Runner’s knee.

June 2019 newsletter.

Source : Text in part from “Running Doc’s Guide”, by Dr. Lewis G. Maharam, MD.

Runner’s knee does not happen only to runners.  It is a condition with many names: chondromalacia patella, anterior knee syndrome, patella femoral disorder, and, of course runner’s knee.  It is seen every day by health care providers.  Understranding the real cause makes treatment easy and pain relief possible in a short period of time.

When it comes to runner’s knee, biology is destiny.  Anyone whose foot rolls inward (overpronation) during a stride is a candidate, but the real high-risk frontrunners are people with extremely flat feet; a large, pronating forefoot; or a Morton’s foot (a foot where the second toe is longer than the first), causing an exaggerated rolling in, or pronation.

Of all the aches and pains that one can get, this one’s probably the easiest to get rid of.  If you were doing some serious running mileage over the summer, maybe getting ready for a fall marathon, or pain came on “all of a sudden” without any apparent injury and your knee suddenly started to get sore when you walked up and down stairs, or you felt stiff when you were sitting in a movie, you most probably have it.  You could have come down with it when you were 12, or 65.  And the treatment, which is not complicated or extensive, is the same for everybody from kids to grandparents.

It all starts with the kneecap.  In a perfect world, your kneecap rides up and down in a V-shaped groove that sits just behind it as you walk, run or cycle.  More typically, however, your foot rolls in, or pronates, as you move from heel strike to toe-off, and the kneecap ends up scraping along one side of the groove instead of sliding smoothly up and down the middle.  The cartilage there doesn’t much like getting sandpapered down that way, nor does the back of the kneecap, which begins to weep fluid that in turn produces a feeling of stiffness. 

It a easy condition to diagnose: joint hurts, no particular injury caused it, worst going upstairs and downstairs or walking down an incline, stiffens after sitting a while, feels like it needs to be stretched.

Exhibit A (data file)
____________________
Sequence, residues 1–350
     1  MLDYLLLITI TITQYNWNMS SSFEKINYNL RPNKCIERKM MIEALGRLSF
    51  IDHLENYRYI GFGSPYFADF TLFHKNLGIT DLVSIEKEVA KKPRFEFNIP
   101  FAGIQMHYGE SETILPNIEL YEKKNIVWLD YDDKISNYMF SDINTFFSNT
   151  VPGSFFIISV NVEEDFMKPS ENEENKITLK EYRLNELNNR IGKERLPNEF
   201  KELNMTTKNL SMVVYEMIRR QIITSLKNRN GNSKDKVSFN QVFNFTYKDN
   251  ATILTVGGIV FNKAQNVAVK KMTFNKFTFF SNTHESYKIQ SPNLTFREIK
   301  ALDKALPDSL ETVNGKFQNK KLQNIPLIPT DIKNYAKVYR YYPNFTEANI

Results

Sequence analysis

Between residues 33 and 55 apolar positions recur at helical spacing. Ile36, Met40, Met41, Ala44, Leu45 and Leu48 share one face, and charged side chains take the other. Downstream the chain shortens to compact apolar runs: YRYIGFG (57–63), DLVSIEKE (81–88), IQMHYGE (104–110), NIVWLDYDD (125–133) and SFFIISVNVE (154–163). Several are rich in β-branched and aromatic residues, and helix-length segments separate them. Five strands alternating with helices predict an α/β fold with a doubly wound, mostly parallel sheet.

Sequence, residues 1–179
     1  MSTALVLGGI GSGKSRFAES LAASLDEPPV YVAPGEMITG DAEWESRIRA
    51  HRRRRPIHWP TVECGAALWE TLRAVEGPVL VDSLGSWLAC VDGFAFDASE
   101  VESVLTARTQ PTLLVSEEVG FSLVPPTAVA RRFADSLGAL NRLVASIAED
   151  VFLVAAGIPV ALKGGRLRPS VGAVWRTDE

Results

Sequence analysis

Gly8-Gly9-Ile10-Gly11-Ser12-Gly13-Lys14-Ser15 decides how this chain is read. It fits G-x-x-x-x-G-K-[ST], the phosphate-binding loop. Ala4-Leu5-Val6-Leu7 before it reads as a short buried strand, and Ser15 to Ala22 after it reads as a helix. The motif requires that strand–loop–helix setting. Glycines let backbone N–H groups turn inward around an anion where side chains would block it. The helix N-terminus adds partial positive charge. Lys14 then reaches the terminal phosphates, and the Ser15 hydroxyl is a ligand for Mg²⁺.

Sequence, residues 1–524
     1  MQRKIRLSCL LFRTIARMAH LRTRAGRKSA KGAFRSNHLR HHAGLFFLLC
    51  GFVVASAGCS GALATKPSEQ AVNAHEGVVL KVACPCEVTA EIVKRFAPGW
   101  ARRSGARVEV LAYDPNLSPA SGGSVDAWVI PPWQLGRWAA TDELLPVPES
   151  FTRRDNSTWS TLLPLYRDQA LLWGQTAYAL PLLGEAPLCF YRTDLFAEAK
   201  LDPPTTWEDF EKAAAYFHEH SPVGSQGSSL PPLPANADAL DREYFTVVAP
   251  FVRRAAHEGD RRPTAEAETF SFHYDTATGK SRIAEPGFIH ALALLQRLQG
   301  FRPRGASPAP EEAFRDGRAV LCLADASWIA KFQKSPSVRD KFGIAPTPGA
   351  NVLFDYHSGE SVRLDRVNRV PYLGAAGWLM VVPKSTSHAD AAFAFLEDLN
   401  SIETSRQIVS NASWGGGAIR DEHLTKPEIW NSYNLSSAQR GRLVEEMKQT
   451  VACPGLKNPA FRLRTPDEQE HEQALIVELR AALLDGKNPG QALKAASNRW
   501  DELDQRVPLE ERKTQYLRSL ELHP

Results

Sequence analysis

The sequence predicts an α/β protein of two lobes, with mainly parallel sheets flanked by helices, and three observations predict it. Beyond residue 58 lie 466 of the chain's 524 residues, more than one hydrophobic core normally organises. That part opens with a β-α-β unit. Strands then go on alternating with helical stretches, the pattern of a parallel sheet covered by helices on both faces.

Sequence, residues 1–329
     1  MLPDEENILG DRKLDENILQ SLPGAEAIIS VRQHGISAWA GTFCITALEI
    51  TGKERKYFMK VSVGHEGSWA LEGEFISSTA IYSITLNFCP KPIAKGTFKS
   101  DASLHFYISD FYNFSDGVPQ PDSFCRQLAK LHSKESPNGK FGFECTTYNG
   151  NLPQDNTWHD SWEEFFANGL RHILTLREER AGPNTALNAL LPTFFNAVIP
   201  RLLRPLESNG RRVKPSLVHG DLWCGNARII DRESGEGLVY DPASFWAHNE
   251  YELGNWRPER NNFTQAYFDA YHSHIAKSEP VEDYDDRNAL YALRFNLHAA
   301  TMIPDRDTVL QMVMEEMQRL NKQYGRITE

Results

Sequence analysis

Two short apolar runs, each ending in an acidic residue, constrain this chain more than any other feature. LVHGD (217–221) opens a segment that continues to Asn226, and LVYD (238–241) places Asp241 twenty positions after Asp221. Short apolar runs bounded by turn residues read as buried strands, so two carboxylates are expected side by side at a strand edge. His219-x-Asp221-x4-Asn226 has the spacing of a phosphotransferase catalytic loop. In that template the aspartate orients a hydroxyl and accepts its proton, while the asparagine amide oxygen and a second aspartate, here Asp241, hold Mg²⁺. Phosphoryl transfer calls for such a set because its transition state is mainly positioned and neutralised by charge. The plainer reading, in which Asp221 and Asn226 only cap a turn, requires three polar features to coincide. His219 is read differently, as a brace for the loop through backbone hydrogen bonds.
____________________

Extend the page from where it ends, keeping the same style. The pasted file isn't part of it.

Despite what you may have read, arthroscopic surgery is not the immediate answer.  Surgery helps perhaps 1 out of 100 sufferers.  One favored operation consists of mechanically smoothing the rubbing surface of the kneecap; this treatment can give relief for six months or so, but unless your biomechanics have changed, it’s a borrowed-time fix. 

A proper orthotic is the single most important step because it will prevent the roll that caused the scraping in the first place.  The good news is that once you start wearing the orthotic, your knee cooperates quickly; the patella, cartilage that’s been rubbed down is able to regenerate and heal itself.  Just give it the chance.

But orthotics alone won’t do it.  You need your other ally, the medial quad, which is the muscle in the front inside of your thigh that’s supposed to hold the kneecap in the center of the groove.  The stronger your medial quad muscle is, the better it can do its job.  To strengthen it, you need to perform the “terminal” leg extension exercises (see image), which limit the motion to the last 6 inches of extension.  Do them daily until the pain disappears, then twice weekly.  And do both legs, please, even if only one leg hurts.  Your knees are a matched pair, and what’s already happened on one side is a good bet for the other someday.

Knee sleeves and elastic bandages are out.  Think about it.  If you compress the kneecap, every motion will press it into the groove.  Keep it loose and free.  So make these exercises a part of your weekly routine, keep wearing your orthotics and you can rid yourself of this unnecessary pain forever.